Debt is a scary thing. It's like being in jail: Once you're in, you have to work hard and be on your best behavior before you are free. A debt trap is simply a situation where debt is extremely difficult to repay. In these situations, you could have extremely high interest rates that make it nearly impossible to pay the principal, you may not be able to change your payment plan or there are numerous fees included with your payment.

Here are some of the most common debt traps to avoid:

Payday Loans
Payday loans are one of the most obvious debt traps. These are small loans designed to "help you" financially until your next paycheck. Then, once you receive your paycheck, you repay the loan. However, in many situations, because the interest is so high, individuals cannot pay back the loan in full when it is time for repayment. (Another drawback with these loans is that they come with hefty fees attached to them, making them even more costly.) This can put the loan in default, or you need to take out another loan to repay the original one. It soon becomes a never-ending cycle of debt.

Credit Cards
It is extremely easy to swipe your credit card and buy anything you desire, even though you don't have any money. According to, the average household has accumulated $9,600 in credit card debt.

When you only pay the minimum payment on a credit card with an extremely high balance, you are basically paying just the interest. You are making very little progress in paying off the starting balance. The average interest rate on credit cards is approximately 15 percent. In addition, you may have to pay annual fees or late fees on top of that, burying you even further in debt.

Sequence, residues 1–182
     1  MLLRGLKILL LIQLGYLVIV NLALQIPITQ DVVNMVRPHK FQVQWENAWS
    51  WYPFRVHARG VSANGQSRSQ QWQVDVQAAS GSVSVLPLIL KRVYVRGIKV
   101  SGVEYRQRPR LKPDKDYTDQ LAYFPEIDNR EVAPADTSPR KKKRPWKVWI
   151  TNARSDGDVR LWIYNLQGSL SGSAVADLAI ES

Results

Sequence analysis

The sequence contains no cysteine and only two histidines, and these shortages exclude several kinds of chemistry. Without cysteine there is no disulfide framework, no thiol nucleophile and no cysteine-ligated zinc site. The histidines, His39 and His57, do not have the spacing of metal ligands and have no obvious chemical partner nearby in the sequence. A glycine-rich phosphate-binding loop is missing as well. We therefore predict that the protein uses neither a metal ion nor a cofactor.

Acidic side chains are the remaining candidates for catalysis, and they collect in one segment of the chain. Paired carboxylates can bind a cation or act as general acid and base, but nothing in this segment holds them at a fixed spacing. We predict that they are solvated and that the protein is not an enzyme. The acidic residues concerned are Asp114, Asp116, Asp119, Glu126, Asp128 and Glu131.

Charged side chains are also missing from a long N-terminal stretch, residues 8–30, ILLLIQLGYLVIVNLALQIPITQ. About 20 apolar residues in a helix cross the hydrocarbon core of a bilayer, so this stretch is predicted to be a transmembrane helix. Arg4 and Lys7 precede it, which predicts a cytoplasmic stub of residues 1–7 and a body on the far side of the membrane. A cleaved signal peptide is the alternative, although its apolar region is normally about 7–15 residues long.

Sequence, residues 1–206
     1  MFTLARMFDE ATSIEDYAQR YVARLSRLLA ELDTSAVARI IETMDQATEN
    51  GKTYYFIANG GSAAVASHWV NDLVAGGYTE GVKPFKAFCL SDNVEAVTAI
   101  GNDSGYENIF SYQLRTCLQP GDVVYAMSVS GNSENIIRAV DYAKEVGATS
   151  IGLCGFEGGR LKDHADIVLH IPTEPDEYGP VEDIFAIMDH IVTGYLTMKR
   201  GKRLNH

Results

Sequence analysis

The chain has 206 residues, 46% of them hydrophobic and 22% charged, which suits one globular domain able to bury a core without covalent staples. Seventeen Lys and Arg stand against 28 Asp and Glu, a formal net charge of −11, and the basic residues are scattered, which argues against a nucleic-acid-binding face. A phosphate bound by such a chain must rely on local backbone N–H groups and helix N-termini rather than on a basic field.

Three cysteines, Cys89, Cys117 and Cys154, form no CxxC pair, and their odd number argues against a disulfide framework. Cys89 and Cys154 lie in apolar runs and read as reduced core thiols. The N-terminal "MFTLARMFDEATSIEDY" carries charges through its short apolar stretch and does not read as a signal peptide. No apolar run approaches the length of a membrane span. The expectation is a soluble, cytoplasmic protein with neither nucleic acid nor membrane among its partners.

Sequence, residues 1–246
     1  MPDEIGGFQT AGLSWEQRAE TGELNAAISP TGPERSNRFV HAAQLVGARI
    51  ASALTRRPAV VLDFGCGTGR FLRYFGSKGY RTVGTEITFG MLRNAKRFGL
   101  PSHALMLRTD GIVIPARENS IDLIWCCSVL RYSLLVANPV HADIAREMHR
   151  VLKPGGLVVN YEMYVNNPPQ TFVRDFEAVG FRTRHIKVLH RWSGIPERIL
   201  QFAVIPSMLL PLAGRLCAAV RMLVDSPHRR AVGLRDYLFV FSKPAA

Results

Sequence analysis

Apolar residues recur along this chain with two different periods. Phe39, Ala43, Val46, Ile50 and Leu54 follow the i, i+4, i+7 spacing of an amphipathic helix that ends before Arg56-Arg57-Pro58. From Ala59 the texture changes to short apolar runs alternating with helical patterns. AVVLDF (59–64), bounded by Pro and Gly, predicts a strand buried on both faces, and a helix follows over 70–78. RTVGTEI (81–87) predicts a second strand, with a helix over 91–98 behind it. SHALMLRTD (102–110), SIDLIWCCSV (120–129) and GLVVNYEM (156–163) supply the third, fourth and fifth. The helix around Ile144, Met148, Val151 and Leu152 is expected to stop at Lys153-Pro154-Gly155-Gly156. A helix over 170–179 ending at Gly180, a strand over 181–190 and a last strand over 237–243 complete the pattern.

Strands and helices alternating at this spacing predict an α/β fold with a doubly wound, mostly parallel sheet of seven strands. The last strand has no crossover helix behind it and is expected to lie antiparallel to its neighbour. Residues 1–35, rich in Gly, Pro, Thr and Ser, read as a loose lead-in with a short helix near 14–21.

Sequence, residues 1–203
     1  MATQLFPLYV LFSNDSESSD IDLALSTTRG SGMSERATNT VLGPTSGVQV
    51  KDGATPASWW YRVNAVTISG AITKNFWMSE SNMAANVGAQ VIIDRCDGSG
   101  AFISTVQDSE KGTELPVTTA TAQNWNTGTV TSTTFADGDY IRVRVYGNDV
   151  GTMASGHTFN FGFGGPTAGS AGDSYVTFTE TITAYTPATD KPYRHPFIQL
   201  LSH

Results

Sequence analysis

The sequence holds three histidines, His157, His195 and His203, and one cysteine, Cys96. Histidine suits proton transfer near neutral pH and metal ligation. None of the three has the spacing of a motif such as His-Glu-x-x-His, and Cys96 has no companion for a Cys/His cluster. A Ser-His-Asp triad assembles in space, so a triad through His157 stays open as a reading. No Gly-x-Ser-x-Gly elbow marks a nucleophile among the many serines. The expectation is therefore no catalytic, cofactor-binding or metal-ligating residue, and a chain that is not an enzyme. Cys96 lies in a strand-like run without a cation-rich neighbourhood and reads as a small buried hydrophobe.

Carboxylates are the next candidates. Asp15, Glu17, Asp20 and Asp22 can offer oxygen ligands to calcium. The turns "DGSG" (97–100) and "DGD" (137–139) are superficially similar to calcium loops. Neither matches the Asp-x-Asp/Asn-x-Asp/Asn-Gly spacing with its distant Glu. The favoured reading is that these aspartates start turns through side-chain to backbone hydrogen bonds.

Debt Settlement
Debt settlement can have its benefits. Debt settlement programs involve a company working with your creditors to settle your debt, allowing you to pay less so you can dig yourself out of debt.

While the promise of debt settlement may sound alluring, it can damage your credit score. Bad credit scores can mean high interest rates on items such as a home or car. In addition, you may have to pay large fees for the debt settlement process, hurting you further.

Debt Consolidation
Debt consolidation is a lot like debt settlement. In some cases, this may not be a bad thing. However, you still need to be wary. When you consolidate your debt, you are extending the repayment process. You end up paying more in the long run. In addition, if you don't stay up on your repayments, you may face severe consequences such as higher interest rates or large fees.

Income Tax Refund Loans
A tax refund loan is when you receive a loan based on how much you are expected to receive with your income tax refund. The downside to these loans is you can expect huge interest rates, sometimes more than 60 percent. Plus, you may incur huge fees.

Home Equity Loans
This type of loan is simply setting yourself up for financial ruin. With a home equity loan, you use the equity of your home as collateral. The amount of money you can borrow depends on the value of your property. While this can be a fast way to receive cash, if you miss any payments and don't keep up on the loan, you could quickly lose your home.

Buying Too Large of a Home
When buying a home, you may want the bigger, more beautiful home. However, if you don't have the income to make those payments (and if you were to suddenly lose your income), you could be perilously setting yourself up to lose everything. When determining how much house you can afford, housing expenses should not exceed more than 28 percent of your income. If they do, keep looking. There are lots of good homes that won't eat up your entire monthly income.

While many American households struggle with debt, that doesn't mean that you have to. Being smart with your money and avoiding the debt traps listed above helps position yourself and your family for long-term financial security and happiness.

More Top Stories